During this Meditation seminar, B. Alan Wallace introduces the theory and practice of three methods of developing meditative quiescence or shamatha. He begins with the practice of mindfulness of breathing as taught in the Theravada tradition, which is especially effective for soothing the body and calming the discursive mind. He then explores an approach to shamatha that is particularly pertinent for Dzogchen practice, called "settling the mind in its natural state," as taught by the 19th century Dzogchen master Lerab Lingpa in his commentary to the "Heart Essence of Vimalamitra." Finally, he engages the practices of "shamatha without a sign" as taught by Padmasambhava in his classic treatise Natural Liberation.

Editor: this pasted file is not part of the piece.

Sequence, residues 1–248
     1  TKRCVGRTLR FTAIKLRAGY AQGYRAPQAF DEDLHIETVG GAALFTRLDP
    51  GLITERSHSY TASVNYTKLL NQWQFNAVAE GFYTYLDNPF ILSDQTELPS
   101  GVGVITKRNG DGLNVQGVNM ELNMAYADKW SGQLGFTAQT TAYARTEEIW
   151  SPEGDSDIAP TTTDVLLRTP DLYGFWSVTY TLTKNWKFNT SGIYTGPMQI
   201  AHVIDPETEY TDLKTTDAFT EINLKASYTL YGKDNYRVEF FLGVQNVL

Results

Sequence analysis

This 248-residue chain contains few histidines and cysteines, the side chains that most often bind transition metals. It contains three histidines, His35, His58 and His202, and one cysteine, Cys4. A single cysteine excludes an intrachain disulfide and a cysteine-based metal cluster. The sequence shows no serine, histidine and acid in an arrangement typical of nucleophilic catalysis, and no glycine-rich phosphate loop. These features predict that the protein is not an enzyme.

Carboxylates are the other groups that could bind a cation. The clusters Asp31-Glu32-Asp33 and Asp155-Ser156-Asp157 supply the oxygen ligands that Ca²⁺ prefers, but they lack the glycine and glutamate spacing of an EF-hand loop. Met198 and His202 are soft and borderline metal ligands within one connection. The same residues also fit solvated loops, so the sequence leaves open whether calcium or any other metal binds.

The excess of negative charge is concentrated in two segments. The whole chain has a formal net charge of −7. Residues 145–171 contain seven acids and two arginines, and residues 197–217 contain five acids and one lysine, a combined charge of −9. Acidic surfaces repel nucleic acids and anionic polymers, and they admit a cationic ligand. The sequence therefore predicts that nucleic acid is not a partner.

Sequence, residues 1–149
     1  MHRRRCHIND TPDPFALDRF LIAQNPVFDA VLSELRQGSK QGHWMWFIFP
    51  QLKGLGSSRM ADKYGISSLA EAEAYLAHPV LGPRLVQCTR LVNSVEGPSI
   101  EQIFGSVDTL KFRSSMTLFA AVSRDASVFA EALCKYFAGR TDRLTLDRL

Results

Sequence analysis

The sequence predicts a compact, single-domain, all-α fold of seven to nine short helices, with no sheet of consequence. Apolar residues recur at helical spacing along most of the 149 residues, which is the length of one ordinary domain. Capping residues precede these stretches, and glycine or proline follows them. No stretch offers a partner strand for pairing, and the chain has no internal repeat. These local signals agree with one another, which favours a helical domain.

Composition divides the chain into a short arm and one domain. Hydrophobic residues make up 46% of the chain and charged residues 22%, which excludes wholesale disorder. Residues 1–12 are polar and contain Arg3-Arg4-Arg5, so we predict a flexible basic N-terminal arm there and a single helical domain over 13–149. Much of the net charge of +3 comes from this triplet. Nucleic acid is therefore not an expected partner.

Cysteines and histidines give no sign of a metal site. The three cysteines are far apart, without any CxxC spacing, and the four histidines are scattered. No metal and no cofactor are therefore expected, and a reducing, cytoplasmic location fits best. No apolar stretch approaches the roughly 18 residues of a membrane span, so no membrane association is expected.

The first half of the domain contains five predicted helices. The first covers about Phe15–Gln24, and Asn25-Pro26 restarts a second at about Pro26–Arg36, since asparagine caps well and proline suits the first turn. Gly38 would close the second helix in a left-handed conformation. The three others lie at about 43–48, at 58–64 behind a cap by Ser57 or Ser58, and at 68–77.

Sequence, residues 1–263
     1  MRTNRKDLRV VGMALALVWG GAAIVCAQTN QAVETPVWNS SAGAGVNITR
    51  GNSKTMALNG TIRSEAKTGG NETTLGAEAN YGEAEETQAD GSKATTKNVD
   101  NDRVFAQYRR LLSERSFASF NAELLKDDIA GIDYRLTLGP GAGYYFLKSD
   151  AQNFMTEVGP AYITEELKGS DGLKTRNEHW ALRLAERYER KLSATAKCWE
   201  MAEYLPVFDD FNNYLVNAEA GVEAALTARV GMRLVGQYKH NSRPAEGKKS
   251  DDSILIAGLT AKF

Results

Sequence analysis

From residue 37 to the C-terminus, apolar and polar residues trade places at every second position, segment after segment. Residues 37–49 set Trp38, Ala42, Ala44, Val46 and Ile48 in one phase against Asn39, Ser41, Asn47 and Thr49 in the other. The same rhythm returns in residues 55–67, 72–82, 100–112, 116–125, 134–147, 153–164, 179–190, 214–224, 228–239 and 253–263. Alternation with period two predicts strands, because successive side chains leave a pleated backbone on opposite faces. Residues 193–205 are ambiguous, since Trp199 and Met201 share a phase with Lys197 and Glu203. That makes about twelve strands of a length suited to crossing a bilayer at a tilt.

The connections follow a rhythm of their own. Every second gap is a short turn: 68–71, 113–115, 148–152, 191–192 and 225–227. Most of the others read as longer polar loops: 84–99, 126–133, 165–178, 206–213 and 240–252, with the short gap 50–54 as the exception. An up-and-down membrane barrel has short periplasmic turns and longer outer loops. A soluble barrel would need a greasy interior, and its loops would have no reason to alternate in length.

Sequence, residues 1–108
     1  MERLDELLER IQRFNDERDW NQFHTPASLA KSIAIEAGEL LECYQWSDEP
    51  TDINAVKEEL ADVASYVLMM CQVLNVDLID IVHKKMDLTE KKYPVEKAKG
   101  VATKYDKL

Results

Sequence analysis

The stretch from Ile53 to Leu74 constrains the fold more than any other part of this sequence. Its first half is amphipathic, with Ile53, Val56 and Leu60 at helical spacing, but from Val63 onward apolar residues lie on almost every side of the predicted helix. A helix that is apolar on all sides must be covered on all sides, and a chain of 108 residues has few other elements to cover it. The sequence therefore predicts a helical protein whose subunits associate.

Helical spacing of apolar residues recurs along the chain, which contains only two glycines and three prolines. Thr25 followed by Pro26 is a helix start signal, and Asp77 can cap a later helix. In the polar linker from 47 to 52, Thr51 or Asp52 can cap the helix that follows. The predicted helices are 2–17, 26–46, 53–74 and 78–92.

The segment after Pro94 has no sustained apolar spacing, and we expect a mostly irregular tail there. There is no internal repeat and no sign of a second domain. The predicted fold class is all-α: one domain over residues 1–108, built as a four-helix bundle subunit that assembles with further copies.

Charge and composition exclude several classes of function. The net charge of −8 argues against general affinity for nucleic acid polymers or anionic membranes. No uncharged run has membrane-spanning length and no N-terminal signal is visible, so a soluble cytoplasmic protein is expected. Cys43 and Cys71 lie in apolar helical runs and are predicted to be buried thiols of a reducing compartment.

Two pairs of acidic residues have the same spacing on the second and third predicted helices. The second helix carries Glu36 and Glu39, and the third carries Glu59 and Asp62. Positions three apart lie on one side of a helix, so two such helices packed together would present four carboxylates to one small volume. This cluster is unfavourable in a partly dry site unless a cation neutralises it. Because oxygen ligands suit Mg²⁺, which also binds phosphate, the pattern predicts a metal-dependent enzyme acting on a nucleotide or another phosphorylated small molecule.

Although this subtle practice is taught explicitly as a means of achieving shamatha, Padmasambhava comments that it may even result in a realization of rigpa, or pristine awareness. The achievement of shamatha is widely regarded in the Buddhist tradition as an indespensable foundation for the cultivation of comtemplative insight (vipashyana).
The seminar consists of lectures, guided meditations and discussions.